Marc Maron is a great talker. That’s true of most comics, but Maron doesn’t even have to be funny to be good. He’s got a sharp baritone voice with just a touch of a slur, and a talk radio delivery that grabs and holds your attention. It hardly matters whether he’s describing a fight with his girlfriend, musing over the health of his cat, or shilling for stamps.com. Maron is one of those people who’s just a pleasure to listen to.
Like a lot of fans, I know Maron through his podcast, “WTF With Marc Maron.” Since it started in 2009 it’s achieved enormous popularity and regularly features top shelf guests. Success breeds opportunity, and now Maron has a book, “Attempting Normal,” and a sitcom, “Maron,” which premiered May 3 on IFC. Because his on-air persona is so charming, I genuinely want it to do well and, of course, to be good. Unfortunately, at least as far as the TV show goes, it’s a little ill-conceived.
The premise of “Maron,” as Maron recently explained on Jimmy Fallon, is “a comic whose career just craps out, and he’s got no hope, and he starts interviewing people in his garage.” In other words, Marc Maron doing “WTF With Marc Maron.” Theoretically, it’s supposed to be a kind of podcast equivalent of “The Larry Sanders Show,” Gary Shandling’s neurosis-ridden ’90s comedy about a late night talk show host. But where “Larry Sanders” was structured as an office sitcom (albeit a transcendentally great one), Maron’s workplace is a garage outfitted with professional recording equipment. So what fills the time when he’s away from the mike?
The answer seems to be an extended interaction with a podcast guest, threaded through scripted enactments of Maron’s personal life. In the first episode we see him hitting on his cat’s vet, running into his pregnant ex-wife and her husband at a coffee shop, hanging out with Dave Foley while tracking down someone who’s been insulting him on Twitter, and finally returning home to decide that neither he nor Foley is energetic enough to record the show.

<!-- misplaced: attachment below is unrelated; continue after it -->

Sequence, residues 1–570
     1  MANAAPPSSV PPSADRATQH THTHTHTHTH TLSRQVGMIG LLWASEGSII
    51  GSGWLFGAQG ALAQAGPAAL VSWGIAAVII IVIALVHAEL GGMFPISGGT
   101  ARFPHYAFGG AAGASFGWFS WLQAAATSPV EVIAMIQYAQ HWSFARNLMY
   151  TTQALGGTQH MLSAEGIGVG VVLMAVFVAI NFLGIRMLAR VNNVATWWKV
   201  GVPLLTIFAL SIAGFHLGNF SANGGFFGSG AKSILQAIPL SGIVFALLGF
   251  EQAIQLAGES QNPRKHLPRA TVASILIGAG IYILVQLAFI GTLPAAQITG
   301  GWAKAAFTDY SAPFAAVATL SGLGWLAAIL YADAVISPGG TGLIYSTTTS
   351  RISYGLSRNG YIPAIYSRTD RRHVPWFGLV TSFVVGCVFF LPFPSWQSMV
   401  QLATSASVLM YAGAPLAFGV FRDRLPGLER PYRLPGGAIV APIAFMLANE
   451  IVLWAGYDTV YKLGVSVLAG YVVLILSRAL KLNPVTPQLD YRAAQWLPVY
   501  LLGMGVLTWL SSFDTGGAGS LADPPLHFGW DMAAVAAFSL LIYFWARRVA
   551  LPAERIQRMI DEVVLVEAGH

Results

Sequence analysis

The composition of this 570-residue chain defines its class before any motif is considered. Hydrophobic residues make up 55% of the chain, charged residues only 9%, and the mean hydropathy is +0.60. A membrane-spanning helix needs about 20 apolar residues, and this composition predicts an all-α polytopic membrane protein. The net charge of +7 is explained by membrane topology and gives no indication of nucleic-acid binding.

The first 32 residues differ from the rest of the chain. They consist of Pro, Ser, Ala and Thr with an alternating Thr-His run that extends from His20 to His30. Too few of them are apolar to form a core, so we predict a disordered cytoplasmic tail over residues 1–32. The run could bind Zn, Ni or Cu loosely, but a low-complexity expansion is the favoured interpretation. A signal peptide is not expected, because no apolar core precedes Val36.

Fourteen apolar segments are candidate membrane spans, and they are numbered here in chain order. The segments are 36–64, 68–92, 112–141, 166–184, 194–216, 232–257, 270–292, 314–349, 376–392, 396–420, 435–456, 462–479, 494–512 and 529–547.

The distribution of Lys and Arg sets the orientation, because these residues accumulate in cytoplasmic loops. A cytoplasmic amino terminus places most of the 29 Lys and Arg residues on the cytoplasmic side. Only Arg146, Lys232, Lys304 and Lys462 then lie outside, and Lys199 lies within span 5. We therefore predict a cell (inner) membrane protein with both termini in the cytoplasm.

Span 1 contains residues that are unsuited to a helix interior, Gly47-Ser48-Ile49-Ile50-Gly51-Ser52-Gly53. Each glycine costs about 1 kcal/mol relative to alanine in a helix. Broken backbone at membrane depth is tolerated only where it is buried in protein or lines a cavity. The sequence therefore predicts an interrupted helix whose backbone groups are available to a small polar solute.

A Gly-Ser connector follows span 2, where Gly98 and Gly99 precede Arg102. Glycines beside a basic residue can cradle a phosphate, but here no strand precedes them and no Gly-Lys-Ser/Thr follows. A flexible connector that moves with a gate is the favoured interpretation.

It’s not the self-absorption that’s a problem — these are all stories you could imagine Maron telling on his podcast, and he probably has (I can’t say I’ve listened to all 386-plus episodes). It’s that hearing them would be more satisfying than seeing them performed. Maron’s stories feel artificial when they’re got up as fiction, and it doesn’t help that he’s not the world’s greatest actor. The parts of the episode where he just talks into a mike — like Jerry Seinfeld doing the standup interludes on “Seinfeld” — are some of the best ones.
Here as everywhere, Maron’s big thing is candor — he’s not afraid to talk about his pain and self-doubt, and he compels the same honesty from others. The rawest bits on the first episode of “Maron” are actually about Foley, who lies drunk on Maron’s kitchen floor in the middle of the afternoon, telling his host how his wife also left him, taking the money, the house and the kids. Foley’s pain, in this performance, seems a lot more painful.
Maron’s gift, on the other hand, is telling us about his problems through sound, not showing them to us on TV, and in the podcast he has found an ideal form. With most storytelling it’s better to show than to tell, but with Maron that’s not the case. With him it’s the teller that’s most important, not the tale.
Watch a trailer for ‘Maron’:
Ezra Glinter is the critic-at-large of the Forward.
Show and Tell With Marc Maron